Pat Hemingway Hall, CEO of Health Care Services Corp., is retiring at the end of the year, after 7 years as CEO and 23 working for the company.
Hemingway Hall has led what is now the sixth-largest health insurer in country, with nonprofit Blue Cross and Blue Shield insurers in Illinois, Montana, New Mexico, Oklahoma and Texas and $61 billion in revenue. Under Hemingway Hall, HCSC's insurers added 3 million in membership, including in ACA exchanges, and the company tried to adapt and diversify, including adopting new information technology and preparing to contract in Medicaid.
"During my tenure, we have made significant investments in our future, and we remain well positioned to continue expanding access for coverage for as many people as possible in our states," said the 62-year old Hemmingway Hall.
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Educated as a nurse, Hemingway Hall spent much of her career with HCSC, serving as president of Blue Cross and Blue Shield of Texas and chief operating officer of HCSC before becoming CEO in 2008.
Hemingway Hall will be replaced by Paula Steiner, HCSC's current chief strategy officer. Steiner, 58, with a Wharton MBA, is steeped in the world Blue Cross Blue Shield. She joined in HCSC in 1997 to work in marketing, after spending 14 years with the Chicago-based BCBS Association.
"Equipped with the right talent, the right strategy and the right focus, HCSC is on firm ground and ready for the future," Hemingway Hall said of Steiner, who starts in January 2016.
HCSC has 16 million members in total and also operates Dearborn National, TMG Health, MEDecision and Academic Health Plans. Headquartered in Chicago, with 23,000 employees nationwide, HCSC oversees significant market shares in Illinois and other states.
The company has had the distinction of being the nation's largest mutual insurance company, and among the most profitable.
Under Hemingway Hall, HCSC has routinely posted $1 billion in annual income, before and after the recession. In 2014, the first year of the ACA exchange market, the parent company actually lost $281million (including $400 million loss on BCBSTX's individual insurance business), although it has some $10 billion in total adjusted capital that was increased by $700 million in 2013 in anticipation of unpredictability.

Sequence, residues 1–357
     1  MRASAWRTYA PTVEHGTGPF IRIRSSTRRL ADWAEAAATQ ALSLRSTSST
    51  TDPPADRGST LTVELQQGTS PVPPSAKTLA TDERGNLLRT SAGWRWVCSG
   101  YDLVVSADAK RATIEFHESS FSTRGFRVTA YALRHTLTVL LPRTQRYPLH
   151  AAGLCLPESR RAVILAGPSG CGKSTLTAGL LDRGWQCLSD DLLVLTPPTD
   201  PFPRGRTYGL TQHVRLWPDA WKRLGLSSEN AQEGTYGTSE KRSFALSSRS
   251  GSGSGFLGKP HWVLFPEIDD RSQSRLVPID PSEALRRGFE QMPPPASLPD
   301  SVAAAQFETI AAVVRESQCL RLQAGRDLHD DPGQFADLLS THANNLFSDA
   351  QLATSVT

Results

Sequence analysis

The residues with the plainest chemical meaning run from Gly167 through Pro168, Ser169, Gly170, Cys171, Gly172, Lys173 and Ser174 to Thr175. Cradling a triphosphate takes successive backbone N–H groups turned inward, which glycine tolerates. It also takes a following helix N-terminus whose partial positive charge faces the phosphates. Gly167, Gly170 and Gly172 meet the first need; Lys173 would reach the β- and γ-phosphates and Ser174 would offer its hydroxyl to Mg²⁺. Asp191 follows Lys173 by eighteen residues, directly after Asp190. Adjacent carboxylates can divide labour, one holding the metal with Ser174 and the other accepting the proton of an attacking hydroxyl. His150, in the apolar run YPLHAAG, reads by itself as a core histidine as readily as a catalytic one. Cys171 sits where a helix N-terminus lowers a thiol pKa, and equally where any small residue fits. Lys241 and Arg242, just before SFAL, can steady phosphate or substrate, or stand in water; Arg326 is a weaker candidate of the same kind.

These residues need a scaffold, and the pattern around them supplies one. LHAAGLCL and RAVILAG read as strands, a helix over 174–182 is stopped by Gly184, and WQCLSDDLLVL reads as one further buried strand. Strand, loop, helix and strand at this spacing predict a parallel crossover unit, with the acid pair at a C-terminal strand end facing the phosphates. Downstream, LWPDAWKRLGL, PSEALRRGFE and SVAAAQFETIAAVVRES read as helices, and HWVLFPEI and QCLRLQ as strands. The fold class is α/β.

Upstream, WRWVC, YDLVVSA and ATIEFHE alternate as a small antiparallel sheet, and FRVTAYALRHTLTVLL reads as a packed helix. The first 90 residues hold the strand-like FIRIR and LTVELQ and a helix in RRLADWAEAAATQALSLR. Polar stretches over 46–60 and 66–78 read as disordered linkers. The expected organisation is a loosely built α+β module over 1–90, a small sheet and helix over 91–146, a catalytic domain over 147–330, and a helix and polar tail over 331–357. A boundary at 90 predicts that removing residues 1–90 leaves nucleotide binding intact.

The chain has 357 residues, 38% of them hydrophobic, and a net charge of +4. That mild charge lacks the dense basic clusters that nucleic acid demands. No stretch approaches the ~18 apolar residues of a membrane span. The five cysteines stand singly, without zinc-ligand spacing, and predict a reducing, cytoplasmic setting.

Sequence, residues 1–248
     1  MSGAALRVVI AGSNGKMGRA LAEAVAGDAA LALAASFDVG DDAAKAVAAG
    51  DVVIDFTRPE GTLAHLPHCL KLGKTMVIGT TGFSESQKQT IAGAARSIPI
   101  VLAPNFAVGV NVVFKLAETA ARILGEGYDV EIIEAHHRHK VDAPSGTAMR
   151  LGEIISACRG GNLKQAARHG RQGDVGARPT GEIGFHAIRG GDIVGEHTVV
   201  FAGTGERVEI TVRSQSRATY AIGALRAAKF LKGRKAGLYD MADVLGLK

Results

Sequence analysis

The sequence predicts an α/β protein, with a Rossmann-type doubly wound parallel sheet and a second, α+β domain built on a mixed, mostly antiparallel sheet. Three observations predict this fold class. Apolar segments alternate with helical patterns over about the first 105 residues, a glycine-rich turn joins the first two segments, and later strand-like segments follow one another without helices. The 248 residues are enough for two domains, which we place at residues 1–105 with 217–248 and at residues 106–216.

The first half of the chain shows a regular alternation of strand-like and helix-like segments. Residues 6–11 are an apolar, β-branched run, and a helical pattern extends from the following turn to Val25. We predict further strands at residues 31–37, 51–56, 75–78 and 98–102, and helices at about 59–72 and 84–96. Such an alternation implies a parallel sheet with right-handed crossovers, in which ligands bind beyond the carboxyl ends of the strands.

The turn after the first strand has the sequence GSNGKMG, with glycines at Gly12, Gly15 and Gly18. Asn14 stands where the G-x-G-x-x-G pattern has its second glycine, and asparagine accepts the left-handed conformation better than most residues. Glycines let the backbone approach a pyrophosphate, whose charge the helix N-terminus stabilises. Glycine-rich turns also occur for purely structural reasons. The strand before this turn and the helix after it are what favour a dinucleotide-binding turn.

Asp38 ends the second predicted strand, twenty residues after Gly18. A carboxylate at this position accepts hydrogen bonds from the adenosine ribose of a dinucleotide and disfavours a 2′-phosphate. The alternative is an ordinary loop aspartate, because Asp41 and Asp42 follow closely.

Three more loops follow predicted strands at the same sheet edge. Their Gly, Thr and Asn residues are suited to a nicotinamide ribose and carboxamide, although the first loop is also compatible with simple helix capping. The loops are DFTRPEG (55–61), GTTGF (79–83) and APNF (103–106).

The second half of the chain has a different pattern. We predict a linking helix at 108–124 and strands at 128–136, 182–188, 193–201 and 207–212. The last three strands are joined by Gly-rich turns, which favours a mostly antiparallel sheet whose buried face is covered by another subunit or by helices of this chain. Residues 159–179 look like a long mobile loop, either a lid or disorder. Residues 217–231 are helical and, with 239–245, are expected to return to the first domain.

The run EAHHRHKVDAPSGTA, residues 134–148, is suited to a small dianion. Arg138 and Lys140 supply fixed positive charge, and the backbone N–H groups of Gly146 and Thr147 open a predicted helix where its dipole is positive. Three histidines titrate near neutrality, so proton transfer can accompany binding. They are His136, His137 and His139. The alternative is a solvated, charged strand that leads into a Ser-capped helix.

Those years of hundred-million and billion-dollar incomes allowed HCSC to grow, adding BCBS of Montana in 2012, and to compensate executives at levels that have drawn friction from customers and the public.
Last year, Babbit Municipalities Inc., a Chicago-based benefits administrator for labor unions, sued HCSC, arguing that some $100 million that was paid out in bonuses to 10 top executives between 2011 and 2013 should have been given back to health plan members in rebates or in lower future premiums--following the model of a mutual insurer, owned by member-customers.
The company's trend in executive pay and asset accumulation "obliterate the purpose as a nonprofit mutual corporation and exceeds the bounds of proper business judgment," the lawsuit said, arguing that the $10 billion in reserves were more than twice as much as necessary.
Hemingway Hall has been among the highest-paid executives in greater Chicago -- in some years bringing in almost as much as executives at companies like Abbott Laboratories, Boeing, Caterpillar and McDonalds -- and one of the highest paid female CEOs nationally, not far behind the likes of DuPont's Ellen Kullman, HP's Meg Whitman and IBM's Virginia Rometty.
In 2011, Hemingway Hall earned $12.9 million, more than double the total compensation for what was then greater Chicago's highest-paid nonprofit hospital executive. In 2012, Hemingway Hall was paid a total of $16 million (almost $15 million of it in the form of a bonus), and then the next year around $11 million, amid modest bonus cuts across the board for HCSC executives.